Out of the 45 states that have adopted the Common Core, only 11 states and the District of Columbia have high school math graduation requirements that align to the new standards, says a new study. Thirteen more states are only partially aligned, leaving 22 that have yet to complete any steps to meet the graduation standards, according to the study, co-sponsored by the National School Boards Association’s Center for Public Education and the nonprofit, Change the Equation.
Patte Barth, director of NSBA’s Center for Public Education, says the study, “Out of Sync: Many Common Core states have yet to define a Common Core-worthy diploma,” determined that districts that require algebra I and II, geometry, and other math for all four years of high school were more successful in meeting the standards.
“We want to be clear that we know states and districts are doing a lot of work to meet the standards, but we don’t want them to forget about graduation requirement standards,” Barth says. “If you’re awarding diplomas based on only two years of math, it doesn’t mean students are getting a full understanding of important math concepts.”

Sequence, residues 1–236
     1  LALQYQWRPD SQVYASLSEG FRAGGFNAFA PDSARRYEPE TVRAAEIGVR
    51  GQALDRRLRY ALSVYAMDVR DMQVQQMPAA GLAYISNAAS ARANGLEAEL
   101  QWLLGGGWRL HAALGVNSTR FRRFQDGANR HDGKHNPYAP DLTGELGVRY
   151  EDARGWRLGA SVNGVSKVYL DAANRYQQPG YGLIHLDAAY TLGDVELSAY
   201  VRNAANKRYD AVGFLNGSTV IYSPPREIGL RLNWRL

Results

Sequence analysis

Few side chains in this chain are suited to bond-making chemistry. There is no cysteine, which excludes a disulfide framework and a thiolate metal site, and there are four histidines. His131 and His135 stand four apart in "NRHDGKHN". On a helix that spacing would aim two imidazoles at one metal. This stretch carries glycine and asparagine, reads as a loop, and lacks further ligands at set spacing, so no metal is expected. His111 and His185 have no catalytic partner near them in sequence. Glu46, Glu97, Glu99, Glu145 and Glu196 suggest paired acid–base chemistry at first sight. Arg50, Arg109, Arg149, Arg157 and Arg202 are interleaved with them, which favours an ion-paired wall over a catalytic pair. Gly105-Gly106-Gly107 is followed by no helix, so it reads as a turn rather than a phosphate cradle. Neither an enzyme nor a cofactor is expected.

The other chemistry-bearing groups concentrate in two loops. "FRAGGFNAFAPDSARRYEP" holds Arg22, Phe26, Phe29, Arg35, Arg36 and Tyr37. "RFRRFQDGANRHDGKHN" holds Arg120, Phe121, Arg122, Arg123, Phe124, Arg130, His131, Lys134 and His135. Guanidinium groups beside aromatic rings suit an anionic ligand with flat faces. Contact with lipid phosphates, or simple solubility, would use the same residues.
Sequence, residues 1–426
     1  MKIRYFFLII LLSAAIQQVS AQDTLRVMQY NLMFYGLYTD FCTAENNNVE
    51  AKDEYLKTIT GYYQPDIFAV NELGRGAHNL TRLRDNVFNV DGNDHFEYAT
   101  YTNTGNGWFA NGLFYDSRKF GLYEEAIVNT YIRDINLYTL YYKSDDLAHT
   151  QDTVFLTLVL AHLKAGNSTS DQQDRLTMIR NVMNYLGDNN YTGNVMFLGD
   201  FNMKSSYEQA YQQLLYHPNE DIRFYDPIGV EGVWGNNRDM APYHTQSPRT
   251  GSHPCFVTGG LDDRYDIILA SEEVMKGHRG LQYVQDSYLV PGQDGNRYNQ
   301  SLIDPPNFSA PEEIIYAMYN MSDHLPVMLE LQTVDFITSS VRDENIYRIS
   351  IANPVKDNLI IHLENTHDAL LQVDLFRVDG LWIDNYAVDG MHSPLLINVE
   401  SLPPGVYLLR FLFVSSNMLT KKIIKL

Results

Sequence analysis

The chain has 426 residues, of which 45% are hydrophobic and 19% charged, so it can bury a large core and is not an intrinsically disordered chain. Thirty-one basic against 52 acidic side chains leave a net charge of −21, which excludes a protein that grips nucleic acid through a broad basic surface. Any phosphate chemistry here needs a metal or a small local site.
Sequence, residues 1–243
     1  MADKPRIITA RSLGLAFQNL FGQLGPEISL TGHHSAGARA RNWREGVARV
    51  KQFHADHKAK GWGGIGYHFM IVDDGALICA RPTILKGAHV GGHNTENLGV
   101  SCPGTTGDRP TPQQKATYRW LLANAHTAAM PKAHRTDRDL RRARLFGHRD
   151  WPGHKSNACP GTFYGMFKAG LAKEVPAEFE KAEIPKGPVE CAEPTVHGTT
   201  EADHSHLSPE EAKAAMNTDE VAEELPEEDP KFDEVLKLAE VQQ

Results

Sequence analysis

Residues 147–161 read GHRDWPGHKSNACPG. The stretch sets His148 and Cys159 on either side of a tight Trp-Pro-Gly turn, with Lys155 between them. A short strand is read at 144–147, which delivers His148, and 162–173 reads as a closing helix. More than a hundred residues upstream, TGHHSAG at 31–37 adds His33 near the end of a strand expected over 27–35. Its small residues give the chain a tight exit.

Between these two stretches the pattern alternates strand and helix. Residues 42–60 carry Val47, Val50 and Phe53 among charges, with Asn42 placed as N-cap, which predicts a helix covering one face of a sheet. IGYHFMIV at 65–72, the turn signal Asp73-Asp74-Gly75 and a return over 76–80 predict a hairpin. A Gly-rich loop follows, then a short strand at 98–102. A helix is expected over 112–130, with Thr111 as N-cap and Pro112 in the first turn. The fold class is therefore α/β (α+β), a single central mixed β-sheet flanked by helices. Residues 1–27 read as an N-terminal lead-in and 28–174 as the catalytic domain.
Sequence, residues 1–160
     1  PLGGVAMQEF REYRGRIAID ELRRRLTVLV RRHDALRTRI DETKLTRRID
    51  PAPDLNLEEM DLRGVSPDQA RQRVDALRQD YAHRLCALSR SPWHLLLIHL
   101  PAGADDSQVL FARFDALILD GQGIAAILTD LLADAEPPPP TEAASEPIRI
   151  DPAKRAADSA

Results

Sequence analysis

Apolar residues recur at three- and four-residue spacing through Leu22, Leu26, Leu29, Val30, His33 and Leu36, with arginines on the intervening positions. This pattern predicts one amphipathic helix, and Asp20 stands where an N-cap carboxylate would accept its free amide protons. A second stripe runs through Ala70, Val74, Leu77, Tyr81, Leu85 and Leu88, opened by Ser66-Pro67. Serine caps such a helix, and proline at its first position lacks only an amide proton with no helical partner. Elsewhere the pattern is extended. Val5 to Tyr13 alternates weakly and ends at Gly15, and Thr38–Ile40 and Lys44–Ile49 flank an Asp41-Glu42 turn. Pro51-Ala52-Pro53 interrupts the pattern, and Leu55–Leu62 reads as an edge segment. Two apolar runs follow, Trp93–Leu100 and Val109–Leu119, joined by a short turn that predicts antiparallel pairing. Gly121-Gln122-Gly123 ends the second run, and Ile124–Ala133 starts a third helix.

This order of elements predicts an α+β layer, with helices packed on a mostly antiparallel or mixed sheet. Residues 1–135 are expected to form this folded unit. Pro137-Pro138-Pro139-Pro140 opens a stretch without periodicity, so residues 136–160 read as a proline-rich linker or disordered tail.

Both Barth and Claus von Zastrow, COO and director of research at Change the Equation, say they hope the “Out of Sync” study encourages district leaders, as well as policymakers in the states struggling to meet the standards, to slowly integrate new graduation requirements.
“Leaders should start to gradually raise graduation requirements, but it’s important to also put the right support system in place while doing so—whether that’s adding more qualified teachers to teach the new standards or implementing technology initiatives,” von Zastrow says. “We see the CCSS as a promising development for the U.S. education system and new graduation requirements can help lay the groundwork to ensure students are being taught at a higher standard.”